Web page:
**This is part 4 in a 5-part series which will help readers understand where their brand falls on the Social Maturity Index and how they can ascend to leadership.To start at the beginning, click here.**
Let’s explore the challenges that Contenders face.
Here’s the Social Maturity Index once more:
Agents at Contenders are typically forward-thinking, scrappy, and effective on social. Their managers and direct leadership understand the power of social and permit them to show personality, build rapport, and provide support that prioritizes resolution over processes. At the same time, they are understaffed, under-supported, and are often burdened by long to-do lists and easily overwhelmed when call volumes spike.
Contenders find risk-taking easy, but securing recognition for their policies difficult. Direct management has likely adopted many #SocialFirst policies and worked hard to define their social guidelines and perhaps even created a social care playbook. Many have even mapped out the next few years and have a plan ready to go if and when they attain investment. Yet budget is often allocated elsewhere, to sales and marketing initiatives for which there is a demonstrable ROI.
Contenders are ready to invest in innovative technology but lack permission or resources to do so. Some have a social care solution in place but lack the headcount to make it effective. Others are chafing under the marketing team’s control of a shared, all-in-one social tool which lacks functionality and forces them to track social care specific metrics offline in Excel. It is likely that they’ve heavily researched the vendors in the space and have earmarked their favorites for when the time comes.
The key for Contenders is to quantify their impressive but limited results in order to catch executive attention and secure budget. They already have everything else in place, including the strategy, the vision, and the knowledge; they just need the keys to the car. Here are three ways that customer care organizations can make that case:
Contenders must articulate the ROI of social care to their leadership, and there’s a lot to be said for itscost-saving potential. Research byForrester in partnership with Conversocial found that companies saw a 272 percent ROI within three months of purchase and some customers found that social care solutions actually made them money. Happy customers purchased more and made more repeat purchases. Contender champions must accumulate this data for themselves which is no small feat without the appropriate measurement tools.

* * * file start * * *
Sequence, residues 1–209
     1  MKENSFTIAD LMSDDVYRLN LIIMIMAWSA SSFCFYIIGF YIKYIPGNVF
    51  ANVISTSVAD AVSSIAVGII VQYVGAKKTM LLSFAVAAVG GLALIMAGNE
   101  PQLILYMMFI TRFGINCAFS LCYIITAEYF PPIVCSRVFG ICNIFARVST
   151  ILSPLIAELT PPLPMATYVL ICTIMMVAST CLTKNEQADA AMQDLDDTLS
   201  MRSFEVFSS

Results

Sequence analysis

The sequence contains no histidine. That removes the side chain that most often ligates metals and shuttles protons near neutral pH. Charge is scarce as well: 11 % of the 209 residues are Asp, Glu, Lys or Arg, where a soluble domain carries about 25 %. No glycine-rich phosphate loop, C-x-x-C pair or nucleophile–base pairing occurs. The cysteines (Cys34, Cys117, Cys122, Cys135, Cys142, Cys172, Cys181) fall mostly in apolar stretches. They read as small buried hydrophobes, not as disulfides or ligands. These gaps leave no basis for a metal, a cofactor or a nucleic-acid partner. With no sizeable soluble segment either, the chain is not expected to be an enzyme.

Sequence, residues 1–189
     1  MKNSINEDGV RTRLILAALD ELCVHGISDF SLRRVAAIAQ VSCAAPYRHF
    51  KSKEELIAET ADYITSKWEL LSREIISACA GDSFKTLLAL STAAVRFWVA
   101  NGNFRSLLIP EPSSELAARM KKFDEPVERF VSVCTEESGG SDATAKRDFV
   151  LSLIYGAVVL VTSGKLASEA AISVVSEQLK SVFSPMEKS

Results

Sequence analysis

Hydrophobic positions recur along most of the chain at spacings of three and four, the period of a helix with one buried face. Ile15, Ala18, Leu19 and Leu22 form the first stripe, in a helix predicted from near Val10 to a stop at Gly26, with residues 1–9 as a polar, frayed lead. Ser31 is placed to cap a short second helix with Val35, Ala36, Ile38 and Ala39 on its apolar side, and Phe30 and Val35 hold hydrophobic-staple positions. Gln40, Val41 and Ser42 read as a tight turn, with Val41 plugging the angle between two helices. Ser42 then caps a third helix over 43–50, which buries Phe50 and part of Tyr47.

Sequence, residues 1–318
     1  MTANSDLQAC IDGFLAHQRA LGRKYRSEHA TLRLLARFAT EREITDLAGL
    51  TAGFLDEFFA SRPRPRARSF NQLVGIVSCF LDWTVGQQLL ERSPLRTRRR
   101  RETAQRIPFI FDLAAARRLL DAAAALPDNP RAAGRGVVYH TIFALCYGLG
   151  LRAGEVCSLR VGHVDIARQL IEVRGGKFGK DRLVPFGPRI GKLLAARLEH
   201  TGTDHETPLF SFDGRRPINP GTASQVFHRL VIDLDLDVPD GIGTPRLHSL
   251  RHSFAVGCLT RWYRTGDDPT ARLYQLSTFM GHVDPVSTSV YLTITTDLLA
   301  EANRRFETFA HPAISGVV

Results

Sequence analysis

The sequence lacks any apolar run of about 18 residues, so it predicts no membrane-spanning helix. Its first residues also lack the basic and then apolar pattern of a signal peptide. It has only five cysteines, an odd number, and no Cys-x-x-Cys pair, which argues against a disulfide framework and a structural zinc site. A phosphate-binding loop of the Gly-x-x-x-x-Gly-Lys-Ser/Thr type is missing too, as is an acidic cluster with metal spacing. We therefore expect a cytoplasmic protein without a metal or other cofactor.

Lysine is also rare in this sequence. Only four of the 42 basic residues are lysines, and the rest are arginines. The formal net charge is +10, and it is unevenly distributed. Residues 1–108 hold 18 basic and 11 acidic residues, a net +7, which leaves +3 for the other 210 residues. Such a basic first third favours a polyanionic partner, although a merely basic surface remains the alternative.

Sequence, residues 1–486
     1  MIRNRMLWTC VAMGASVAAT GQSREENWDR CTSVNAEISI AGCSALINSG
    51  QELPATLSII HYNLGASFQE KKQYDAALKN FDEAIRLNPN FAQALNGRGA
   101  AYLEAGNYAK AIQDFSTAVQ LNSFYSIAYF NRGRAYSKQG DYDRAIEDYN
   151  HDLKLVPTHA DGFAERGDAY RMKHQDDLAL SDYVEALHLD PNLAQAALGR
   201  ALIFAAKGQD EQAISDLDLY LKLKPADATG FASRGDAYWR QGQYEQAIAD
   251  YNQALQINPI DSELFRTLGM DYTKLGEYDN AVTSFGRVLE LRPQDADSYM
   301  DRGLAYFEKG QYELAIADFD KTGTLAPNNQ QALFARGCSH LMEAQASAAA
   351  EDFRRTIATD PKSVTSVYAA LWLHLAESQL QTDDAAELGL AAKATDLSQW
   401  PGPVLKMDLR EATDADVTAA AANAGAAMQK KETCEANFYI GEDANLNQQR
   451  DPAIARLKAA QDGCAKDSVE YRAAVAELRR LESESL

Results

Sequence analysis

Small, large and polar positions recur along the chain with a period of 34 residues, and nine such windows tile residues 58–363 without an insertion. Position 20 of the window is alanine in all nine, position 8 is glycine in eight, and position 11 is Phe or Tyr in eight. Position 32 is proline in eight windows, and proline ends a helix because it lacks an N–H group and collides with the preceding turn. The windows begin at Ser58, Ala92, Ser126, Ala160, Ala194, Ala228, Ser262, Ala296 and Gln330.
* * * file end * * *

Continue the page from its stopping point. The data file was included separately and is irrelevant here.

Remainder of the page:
Social support is the way of the future and Contender champions can help their executive teams glimpse this. Already, one in six online minutes is spent on Facebook, customer service interactionshave increased 250 percent on Twitter in recent years, and 76 percent of customers demand support on social media. At the same time, phone support is both more expensive (social care is 63% cheaper) and less effective: over one third of customers named it as the most annoying form of customer service in aConversocial survey. Brands who want to future-proof their customer support do well to invest more heavily.
If you’re having trouble and getting nowhere fast, seek out one executive champion. This should be someone who’s invested in the long-term vision of the company and interested in finding competitive advantages and new ways forward. Approach them with a meeting where you outline the leadership potential of social care: customers who have their social media problems answered are 25 percent more likelyto advocate for you and become long-term, loyal customers. Improving loyalty and advocacy can help you cement your legacies at your business.
Those Contender champions who are able make the case for increased social care investment will unlock the doors to full social maturity leadership. But, the journey still doesn’t end there—the challenges faced by Leaders are even steeper and the rewards more extreme. To start your social journey today get in contact with Conversocial here.
Read part 5 in our 5-part series: How social maturity Leaders can keep their edge.